Featured Post

Spelling City

What it is: Spelling City is a place where your students can practice their spelling words through teaching, games, and practice tests. In the teaching section, students hear the word and a sentence including the word before the word is spelled for them. In the game section, students can choose to play an online word search, hang mouse (like hang man), and word scramble with their spelling words. In the practice test, students click to hear the word and a sentence containing the word. They type in the word and check for correctness. Teachers can save spelling lists on the site (or a years worth of spelling lists) for students to practice. Students login with the class information to access that weeks spelling list. Students also have the option of creating their own lists. Best of all Spelling City is totally free! How to integrate Spelling City into the classroom: Use Spelling City as a spelling center where students can practice their spelling words. Create a link to your classes spelling lists on Spelling City on your classroom or school website. This will provide easy access to spelling practice at home and at school. Spelling City makes spelling practice fun for students…they will ask for more practice! Be sure to let your parents know about Spelling City. It will make spelling practice at home fun too. The word search and word scramble games can be printed out for off computer practice in the classroom or at home. You will be amazed with this site! Tips: Spelling City has links to additional spelling games on the teachers page. These have not been fully integrated yet (meaning that your spelling words won’t automatically flow to the games, this is being worked on). Games include crossword puzzles, build a sentence wall, wacky story builder, find the misspelled word, verb puzzle, homophone quiz, sound alike words, syllables and the synonym game. Please leave a comment and share how you are using Spelling City in your classroom.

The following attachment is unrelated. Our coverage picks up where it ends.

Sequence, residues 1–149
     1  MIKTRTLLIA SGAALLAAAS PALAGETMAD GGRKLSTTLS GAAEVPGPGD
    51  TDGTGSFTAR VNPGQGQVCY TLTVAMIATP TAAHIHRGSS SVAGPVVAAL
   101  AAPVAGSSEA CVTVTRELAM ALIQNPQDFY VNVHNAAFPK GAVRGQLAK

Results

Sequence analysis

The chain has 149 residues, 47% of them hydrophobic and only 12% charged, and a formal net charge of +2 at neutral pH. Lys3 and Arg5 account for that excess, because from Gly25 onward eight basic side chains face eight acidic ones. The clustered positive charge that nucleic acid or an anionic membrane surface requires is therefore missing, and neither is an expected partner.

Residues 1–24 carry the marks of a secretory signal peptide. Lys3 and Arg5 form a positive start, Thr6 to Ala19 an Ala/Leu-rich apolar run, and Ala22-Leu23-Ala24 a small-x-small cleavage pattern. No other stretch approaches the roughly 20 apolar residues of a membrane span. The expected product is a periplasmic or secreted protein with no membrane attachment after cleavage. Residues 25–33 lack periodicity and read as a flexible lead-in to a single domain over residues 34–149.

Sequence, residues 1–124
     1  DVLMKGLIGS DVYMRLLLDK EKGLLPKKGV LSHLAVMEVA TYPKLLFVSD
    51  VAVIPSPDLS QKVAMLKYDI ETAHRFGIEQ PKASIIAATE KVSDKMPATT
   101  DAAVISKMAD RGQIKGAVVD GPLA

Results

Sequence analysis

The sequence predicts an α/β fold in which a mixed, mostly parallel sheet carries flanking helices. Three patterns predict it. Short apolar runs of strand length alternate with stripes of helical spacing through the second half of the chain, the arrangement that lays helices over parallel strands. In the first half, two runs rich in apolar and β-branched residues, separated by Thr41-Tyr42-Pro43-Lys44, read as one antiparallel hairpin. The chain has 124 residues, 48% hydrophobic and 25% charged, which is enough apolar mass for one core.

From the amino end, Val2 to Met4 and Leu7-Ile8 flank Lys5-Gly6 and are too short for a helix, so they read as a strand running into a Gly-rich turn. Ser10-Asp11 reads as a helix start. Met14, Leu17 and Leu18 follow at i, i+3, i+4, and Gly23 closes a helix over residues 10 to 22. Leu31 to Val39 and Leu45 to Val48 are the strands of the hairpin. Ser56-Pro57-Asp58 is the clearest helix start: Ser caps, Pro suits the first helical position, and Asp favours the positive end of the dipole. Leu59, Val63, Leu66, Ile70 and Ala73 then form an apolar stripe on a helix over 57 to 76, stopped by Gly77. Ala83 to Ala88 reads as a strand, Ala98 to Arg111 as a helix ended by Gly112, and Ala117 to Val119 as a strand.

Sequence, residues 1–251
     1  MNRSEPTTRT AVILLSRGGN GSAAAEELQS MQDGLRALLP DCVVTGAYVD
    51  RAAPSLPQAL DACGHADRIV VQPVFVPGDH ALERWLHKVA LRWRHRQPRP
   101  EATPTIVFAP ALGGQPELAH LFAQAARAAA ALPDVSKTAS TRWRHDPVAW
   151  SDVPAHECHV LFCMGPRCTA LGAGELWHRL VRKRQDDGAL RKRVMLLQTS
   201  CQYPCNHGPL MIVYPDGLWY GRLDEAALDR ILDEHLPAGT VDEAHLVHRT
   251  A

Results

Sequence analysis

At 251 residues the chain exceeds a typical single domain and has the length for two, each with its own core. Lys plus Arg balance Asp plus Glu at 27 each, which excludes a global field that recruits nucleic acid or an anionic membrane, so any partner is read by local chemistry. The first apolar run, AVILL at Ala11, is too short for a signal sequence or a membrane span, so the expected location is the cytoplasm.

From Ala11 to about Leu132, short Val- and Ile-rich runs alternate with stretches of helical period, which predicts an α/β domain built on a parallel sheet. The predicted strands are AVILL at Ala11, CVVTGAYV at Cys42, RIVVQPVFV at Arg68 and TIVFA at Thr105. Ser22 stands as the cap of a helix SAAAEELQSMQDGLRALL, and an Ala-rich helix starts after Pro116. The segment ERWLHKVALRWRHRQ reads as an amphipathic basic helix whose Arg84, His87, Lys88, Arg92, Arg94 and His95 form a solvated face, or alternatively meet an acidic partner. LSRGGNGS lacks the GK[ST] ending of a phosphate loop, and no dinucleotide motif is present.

Read More

Picturing the Thirties

Posted by admin | Posted in Fun & Games, History, Interactive Whiteboard, Language Arts, Middle/High School, Secondary Elementary, Social Studies, Teacher Resources, Virtual Field Trips, Websites | Posted on 11-10-2009

Tags: , , , , , , , , ,

0

What it is: Picturing the Thirties is another great virtual web activity from the Smithsonian.  This virtual museum exhibit teaches students about the 1930’s through eight exhibitions.  Students will learn about the Great Depression, The New Deal, The Country, Industry, Labor, The City, Leisure, and American People in the 1930’s.  Art from the Smithsonian American Art Museum are supplemented with other primary sources such as photographs, newsreels, and artist memorabilia.  Students can explore the virtual exhibits complete with museum guides that explain each exhibit to students.  The feature presentation of the museum is a series of interviews of abstract artists describing the 1930’s.  User created documentaries can be viewed from the theater’s balcony.  Students can visit the theater’s projection booth where they can find primary access and a movie making tutorial.

How to integrate Picturing the Thirties into the classroom: I am always amazed by the virtual content that the Smithsonian has produced.  Picturing the Thirties is an incredible virtual field trip to museum exhibits that will put your students face to face with primary resources that will help them understand the events and culture of the 1930’s.  This is SO much better than learning from a textbook!  This interactive site is a great way for students to explore the 1930’s and learn at their own pace.  This site is perfect for the computer lab environment where every student has access to a computer.  You could also take a class virtual field trip to the museum using an interactive whiteboard or a projector.

Tips: Make sure that students have headphones or speakers for this website, there is quite a bit of audio content.

Related Resources: Smithsonian Virtual Museum, UPM Virtual Forest, efield Trips

Leave a comment and tell us how you are using Picturing the Thirties in your classroom.

Write a comment

*